In 2016, for example, Andaz Costa Rica Resort at Peninsula Papagayo first launched its all-inclusive package for guests. Now, according to Hyatt, it’s more popular than ever. The 2021 package is being booked three times more than it was in 2019.
The reason? Guests are now staying at the resort more and venturing out less, making all-inclusive packages more appealing. Even though you can book it in advance, guests can also decide to add it on to their stay when they check in.
New to all-inclusive travelers
So, who’s more likely to give all-inclusive resorts a try this year?
With die-hard cruisers still not able to set sail just yet, an all-inclusive resort may be the next best thing. Indeed, Doyne of AMResorts said it’s a natural transition for cruisers to make.
“They have everything they need, they know what they are paying for up front and [they] have the entire experience in one spot,” she said. But she suggested that all-inclusive resorts have more advantages than a cruise.
For instance, some luxury all-inclusives offer 24-hour room service, which isn’t always an option for cruises — or it could come at an extra cost. At resorts, guests can dine wherever and whenever they want, whereas some cruise ships still enforce set seatings in the main dining room. Liquor and other high-end amenities and services are already often baked into an all-inclusive rate, compared to a cruise where you usually have to spring for a premium package.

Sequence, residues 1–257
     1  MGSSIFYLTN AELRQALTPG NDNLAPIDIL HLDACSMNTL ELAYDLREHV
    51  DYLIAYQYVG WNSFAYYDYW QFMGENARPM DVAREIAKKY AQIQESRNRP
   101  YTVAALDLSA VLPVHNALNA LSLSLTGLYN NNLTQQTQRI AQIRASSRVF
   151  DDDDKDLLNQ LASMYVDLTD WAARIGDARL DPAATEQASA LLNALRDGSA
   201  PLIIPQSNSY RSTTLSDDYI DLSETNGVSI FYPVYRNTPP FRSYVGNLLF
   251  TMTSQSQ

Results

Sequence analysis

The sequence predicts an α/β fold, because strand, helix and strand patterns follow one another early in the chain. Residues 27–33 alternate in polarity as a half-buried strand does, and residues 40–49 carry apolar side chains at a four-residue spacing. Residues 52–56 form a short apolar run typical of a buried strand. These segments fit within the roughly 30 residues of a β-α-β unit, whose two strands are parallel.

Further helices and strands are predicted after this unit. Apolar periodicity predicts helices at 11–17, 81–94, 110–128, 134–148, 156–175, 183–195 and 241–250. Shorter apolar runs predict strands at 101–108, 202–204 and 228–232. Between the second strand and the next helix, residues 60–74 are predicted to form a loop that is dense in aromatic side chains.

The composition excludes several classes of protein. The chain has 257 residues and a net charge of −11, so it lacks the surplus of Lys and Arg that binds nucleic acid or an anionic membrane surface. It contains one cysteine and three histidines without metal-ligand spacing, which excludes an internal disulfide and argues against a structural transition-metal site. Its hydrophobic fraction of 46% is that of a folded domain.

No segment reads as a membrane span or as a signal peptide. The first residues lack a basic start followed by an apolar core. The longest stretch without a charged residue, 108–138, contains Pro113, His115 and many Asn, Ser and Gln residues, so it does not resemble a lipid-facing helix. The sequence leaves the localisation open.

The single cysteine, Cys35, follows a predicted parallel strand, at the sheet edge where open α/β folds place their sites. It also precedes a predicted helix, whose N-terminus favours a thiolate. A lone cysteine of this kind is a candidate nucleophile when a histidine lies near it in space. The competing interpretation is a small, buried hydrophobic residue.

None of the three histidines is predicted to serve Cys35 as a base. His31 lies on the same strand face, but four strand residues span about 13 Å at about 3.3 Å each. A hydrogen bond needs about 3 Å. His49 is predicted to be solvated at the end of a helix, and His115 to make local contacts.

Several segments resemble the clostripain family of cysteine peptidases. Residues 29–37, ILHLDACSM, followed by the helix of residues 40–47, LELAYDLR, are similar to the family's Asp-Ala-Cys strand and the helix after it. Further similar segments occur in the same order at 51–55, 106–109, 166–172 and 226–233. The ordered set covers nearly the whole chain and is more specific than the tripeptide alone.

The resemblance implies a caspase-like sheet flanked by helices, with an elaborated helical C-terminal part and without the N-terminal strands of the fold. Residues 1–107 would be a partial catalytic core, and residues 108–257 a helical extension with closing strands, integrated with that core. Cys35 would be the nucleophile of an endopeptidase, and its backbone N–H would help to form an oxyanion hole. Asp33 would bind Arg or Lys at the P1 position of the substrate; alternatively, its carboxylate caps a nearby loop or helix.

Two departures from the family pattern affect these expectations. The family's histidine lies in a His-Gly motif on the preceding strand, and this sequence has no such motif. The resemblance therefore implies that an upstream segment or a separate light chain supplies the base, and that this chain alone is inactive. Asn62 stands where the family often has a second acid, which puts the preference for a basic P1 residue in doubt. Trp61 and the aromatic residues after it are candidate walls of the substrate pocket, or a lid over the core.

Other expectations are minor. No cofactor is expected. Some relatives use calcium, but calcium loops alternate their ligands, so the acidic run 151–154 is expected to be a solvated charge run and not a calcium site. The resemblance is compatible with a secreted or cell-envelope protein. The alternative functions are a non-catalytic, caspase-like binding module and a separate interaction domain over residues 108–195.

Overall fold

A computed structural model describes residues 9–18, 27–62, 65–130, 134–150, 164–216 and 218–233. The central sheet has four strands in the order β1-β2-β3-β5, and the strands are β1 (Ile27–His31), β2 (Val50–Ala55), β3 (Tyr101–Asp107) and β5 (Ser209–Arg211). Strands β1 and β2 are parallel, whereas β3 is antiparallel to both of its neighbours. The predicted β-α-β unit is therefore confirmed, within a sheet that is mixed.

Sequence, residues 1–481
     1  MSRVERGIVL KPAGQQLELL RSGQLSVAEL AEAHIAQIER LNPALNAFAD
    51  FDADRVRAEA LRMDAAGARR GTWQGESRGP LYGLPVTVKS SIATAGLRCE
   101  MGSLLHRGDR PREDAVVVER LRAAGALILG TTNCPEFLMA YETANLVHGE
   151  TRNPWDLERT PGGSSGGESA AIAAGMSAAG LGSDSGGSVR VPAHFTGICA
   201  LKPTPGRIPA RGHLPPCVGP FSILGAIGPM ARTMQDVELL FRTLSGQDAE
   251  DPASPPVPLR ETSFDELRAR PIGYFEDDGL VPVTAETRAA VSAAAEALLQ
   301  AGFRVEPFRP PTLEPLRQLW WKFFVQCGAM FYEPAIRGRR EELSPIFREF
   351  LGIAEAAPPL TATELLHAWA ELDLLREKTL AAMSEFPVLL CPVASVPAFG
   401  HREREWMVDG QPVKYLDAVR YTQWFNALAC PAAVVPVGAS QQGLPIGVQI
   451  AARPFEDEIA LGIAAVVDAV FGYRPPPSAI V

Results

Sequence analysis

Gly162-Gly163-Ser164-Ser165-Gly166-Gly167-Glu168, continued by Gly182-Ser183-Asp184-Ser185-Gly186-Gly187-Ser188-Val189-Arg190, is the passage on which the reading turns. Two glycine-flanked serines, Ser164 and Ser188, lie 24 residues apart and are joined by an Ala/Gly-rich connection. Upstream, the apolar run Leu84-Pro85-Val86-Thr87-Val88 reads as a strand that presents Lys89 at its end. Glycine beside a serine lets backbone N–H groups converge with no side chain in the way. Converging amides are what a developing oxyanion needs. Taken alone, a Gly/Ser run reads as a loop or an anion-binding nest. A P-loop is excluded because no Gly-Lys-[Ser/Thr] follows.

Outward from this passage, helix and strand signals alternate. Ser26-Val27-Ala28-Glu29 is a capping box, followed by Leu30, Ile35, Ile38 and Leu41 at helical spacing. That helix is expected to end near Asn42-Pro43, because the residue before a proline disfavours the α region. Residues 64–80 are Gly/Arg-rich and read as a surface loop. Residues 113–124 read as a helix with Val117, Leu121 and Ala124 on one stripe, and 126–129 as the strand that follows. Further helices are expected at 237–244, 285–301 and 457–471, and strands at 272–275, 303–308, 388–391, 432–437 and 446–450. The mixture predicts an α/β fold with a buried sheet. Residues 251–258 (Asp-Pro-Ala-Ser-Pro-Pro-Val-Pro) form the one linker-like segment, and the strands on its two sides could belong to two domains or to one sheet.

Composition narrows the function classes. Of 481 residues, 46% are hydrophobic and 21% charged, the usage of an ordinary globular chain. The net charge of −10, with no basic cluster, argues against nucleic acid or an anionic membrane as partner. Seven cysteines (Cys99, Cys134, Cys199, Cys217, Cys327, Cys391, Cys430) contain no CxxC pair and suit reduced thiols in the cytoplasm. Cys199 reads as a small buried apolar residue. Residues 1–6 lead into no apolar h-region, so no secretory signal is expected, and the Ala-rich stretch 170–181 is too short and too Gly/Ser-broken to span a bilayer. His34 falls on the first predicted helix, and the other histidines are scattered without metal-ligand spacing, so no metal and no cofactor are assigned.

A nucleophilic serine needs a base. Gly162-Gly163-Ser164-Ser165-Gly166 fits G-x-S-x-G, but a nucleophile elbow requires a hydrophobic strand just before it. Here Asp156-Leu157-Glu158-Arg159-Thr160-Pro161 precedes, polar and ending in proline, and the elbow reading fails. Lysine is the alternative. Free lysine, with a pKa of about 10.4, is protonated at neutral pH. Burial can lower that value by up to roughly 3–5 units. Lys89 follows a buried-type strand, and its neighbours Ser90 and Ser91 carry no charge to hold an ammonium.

Depending on your travel style, an all-inclusive stay could seem like a better value.
But it’s not just cruisers who may find an all-inclusive stay appealing.
Hyatt’s Ziva and Zilara all-inclusive brands have attracted a growing number of first-time guests who would not have considered an all-inclusive resort in the past, said Gregory Maliassas, chief operating officer of Playa Hotels and Resorts, a division of Hyatt. And Hyatt will continue to lean on its brand reputation to attract more first-timers.
“Most all of us desire a stress-free, no surprises vacation, but subpar levels of quality and service from resorts with little to no awareness quickly discredit all-inclusive as a viable option for many consumers,” he said. “That is our target, that is our market: consumers looking for an all-inclusive experience that only Hyatt can deliver.”
And Marriott’s Brian King said more people are considering all-inclusive resorts compared to five and even 10 years ago. And now, Marriott plans on convincing more of those travelers to actually book an all-inclusive resort.
“The Marriott brand name will lift the experience and the perception,” he said, echoing Maliassas. “If Marriott is doing this, you know it’s good.”
Featured photo by Colin Anderson Productions pty ltd/Getty Images.